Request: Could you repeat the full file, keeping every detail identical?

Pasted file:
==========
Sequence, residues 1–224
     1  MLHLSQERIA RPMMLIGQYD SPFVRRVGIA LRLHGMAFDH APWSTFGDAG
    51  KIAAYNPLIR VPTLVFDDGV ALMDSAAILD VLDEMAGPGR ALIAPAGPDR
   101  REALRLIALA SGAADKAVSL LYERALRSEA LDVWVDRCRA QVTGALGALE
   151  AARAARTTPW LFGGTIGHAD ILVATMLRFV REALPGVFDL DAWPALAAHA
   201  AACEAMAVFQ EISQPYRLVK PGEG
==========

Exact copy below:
Sequence, residues 1–224
     1  MLHLSQERIA RPMMLIGQYD SPFVRRVGIA LRLHGMAFDH APWSTFGDAG
    51  KIAAYNPLIR VPTLVFDDGV ALMDSAAILD VLDEMAGPGR ALIAPAGPDR
   101  REALRLIALA SGAADKAVSL LYERALRSEA LDVWVDRCRA QVTGALGALE
   151  AARAARTTPW LFGGTIGHAD ILVATMLRFV REALPGVFDL DAWPALAAHA
   201  AACEAMAVFQ EISQPYRLVK PGEG